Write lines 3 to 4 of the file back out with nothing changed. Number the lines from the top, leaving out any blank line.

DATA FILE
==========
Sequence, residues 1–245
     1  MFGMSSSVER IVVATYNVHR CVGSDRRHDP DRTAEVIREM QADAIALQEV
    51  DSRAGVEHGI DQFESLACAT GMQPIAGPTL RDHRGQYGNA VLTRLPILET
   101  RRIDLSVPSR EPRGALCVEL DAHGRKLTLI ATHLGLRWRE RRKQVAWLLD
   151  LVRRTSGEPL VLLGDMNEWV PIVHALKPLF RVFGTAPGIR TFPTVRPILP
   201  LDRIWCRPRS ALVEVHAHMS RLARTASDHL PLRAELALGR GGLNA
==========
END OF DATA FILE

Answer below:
    51  DSRAGVEHGI DQFESLACAT GMQPIAGPTL RDHRGQYGNA VLTRLPILET
   101  RRIDLSVPSR EPRGALCVEL DAHGRKLTLI ATHLGLRWRE RRKQVAWLLD